(Confederate) Women have ALWAYS written Science Fiction.

Tuesday , 15, August 2017 4 Comments

Women have made some truly astonishing contributions to fantasy and science fiction. First wave feminist author Francis Stevens wrote so much like the man that would later become known as “The Lord of Fantasy”, she was often mistaken as being one of his pseudonyms. Andre Norton pioneered the style of post-apocalyptic mutant adventure that would ultimately develop into the Gamma World Role-playing Game. Margaret St. Clair– and not J. R. R. Tolkien– would create the template for the Gygaxian Mega-Dungeon that’s immortalized in original Dungeons & Dragons and (later) Holmes “Basic” Dungeons & Dragons.

But as awesome as these things are, there is one that went further– that shadowy, feminine figure that is responsible for the whole of science fiction being the awesome, compelling, mind-blowing thing that it would ultimately become. And no, I’m not talking about Mary Shelly. Make no mistake, she was quite the dame. She wrote a seminal work, no doubt about it. But this weird push in recent years to retroactively spin her as some kind of forbear of the fake geek girl of today? That’s beneath her.

If you want to lay the honor of creating science fiction at the feet of a mysteriously titillating femme fatale from the depths of the undiscovered past, then there is only one lady that that deserves this tribute:  Cora Semmes Ives, author of The Princess of The Moon: A Confederate Fairy Story.

J. Comer writing at Cirsova has the full story:

Ives begins by stating that she made the story up to amuse children at Mecca Plantation.  A Southern soldier named Randolph wanders after the end of the War. He sees the Moon and wishes to flee there.  A fairy appears from the moon and gives him a flying horse in return for his devotion.  Randolph flies, sees the wrecked Confederacy from the air, and then heads to the Moon- a pacifistic utopia lacking war and slavery.  The fairy is the mother of the monarch (‘moon-arch’?).  Her granddaughter is the ‘Princess’.  The hero woos her in disguise, is captured, but wins the grandmother’s approval after a hallucination which resembles Muhammad’s Night Journey.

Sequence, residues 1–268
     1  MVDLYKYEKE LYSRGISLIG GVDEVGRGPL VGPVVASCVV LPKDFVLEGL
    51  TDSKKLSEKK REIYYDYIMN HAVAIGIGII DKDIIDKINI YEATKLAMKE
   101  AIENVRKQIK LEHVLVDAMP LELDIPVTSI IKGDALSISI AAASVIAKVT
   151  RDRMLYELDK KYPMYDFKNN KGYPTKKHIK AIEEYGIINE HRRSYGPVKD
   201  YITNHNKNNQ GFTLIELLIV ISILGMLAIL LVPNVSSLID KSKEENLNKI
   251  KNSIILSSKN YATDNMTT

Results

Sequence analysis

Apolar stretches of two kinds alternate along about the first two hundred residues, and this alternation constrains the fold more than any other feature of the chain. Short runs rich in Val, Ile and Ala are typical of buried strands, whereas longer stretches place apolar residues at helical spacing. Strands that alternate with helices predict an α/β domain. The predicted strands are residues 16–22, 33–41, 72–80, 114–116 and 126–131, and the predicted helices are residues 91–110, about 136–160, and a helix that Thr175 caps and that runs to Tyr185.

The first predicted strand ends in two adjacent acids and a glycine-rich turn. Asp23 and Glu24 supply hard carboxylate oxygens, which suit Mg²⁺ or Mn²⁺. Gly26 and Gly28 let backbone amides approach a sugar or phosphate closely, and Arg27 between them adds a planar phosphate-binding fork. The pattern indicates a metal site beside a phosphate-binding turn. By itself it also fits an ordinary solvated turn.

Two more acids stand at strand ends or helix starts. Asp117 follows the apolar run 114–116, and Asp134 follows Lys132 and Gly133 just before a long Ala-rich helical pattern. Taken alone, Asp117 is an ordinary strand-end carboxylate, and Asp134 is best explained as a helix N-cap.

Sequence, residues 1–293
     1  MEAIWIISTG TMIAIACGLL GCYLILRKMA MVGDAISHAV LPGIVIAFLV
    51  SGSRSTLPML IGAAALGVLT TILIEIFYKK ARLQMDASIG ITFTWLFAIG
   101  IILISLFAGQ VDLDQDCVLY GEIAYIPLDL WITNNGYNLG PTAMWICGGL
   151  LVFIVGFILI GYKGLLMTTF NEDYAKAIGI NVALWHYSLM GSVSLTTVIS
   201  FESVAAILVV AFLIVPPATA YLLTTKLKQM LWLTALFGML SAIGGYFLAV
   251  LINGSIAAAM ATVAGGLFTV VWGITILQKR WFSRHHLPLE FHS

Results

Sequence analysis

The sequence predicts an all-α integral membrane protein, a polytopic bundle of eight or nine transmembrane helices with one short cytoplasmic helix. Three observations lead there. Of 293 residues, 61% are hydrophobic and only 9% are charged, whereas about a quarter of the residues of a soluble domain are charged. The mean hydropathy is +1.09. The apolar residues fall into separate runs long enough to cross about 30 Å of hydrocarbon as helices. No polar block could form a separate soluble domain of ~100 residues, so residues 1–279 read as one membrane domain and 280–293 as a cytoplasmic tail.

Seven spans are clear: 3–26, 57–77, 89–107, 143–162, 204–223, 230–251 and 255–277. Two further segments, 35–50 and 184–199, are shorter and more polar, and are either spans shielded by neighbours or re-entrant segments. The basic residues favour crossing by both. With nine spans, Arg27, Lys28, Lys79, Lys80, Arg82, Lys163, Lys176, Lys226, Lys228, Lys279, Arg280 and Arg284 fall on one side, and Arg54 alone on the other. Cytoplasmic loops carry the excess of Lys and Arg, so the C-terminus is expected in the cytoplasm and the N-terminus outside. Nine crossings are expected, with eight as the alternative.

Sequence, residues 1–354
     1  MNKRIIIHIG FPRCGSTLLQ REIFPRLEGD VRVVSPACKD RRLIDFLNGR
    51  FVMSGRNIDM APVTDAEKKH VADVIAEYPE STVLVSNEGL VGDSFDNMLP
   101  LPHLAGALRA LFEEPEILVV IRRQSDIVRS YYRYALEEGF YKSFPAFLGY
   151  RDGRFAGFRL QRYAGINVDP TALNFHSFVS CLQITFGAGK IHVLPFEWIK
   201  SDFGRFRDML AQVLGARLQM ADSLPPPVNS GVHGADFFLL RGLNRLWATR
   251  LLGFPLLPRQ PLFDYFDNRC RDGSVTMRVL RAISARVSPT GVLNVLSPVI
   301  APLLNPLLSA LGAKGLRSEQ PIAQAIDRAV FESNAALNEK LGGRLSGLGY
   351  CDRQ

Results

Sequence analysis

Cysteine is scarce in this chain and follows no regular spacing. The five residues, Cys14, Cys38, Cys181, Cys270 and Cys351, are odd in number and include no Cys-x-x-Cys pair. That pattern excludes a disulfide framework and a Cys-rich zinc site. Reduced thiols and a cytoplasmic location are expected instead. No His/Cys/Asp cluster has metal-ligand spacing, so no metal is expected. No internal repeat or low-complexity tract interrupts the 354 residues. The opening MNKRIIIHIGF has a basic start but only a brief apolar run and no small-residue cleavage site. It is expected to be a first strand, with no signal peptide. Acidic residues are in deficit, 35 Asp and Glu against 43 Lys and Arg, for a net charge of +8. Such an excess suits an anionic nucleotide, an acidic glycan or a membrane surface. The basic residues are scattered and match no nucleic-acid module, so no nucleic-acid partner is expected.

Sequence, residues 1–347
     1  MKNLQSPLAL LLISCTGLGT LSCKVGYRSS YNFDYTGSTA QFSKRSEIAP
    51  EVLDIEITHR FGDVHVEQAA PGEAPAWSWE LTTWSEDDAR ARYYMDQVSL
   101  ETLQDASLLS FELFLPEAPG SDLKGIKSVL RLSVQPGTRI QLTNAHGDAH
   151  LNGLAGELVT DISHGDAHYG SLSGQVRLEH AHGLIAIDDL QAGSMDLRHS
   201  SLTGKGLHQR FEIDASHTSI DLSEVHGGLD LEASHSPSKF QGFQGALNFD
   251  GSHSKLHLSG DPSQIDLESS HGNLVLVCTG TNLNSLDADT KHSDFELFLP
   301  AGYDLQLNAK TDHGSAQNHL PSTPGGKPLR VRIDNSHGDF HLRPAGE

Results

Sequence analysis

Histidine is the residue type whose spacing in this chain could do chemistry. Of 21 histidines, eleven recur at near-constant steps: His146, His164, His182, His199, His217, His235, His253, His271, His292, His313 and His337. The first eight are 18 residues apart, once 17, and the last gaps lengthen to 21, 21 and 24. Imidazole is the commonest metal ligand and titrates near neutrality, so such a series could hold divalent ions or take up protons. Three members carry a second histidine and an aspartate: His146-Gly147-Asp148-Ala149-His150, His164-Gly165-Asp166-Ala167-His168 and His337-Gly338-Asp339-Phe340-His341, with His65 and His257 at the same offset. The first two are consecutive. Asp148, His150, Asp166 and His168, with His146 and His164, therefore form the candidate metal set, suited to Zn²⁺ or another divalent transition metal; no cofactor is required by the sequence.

Thereafter the Yankees appear in balloons bearing carpetbags  (somewhat unsubtly). They bear with them a former slave of Randolph’s who is glad to see ‘old massa’.  The Yankees steal the Moon-folk’s silver spoons, but Randolph pleads for mercy, and the thieves are spared.

What is it possible to say, a hundred and fifty years later, about a story as eccentric as this?  The plot is a stock fairy-tale with a winged horse, swordsmen, and a princess.  The hero is hardly a distinct character. But there parallels to a later work.  A hero transported by a wish to another world?  A swordsman who flies around on his adventures and wins the love of a beautiful princess?  A Virginian Confederate officer? The Princess of the Moon is echoed, decades later, by A Princess of Mars! I am unaware of any direct connection, but further investigation may be fruitful.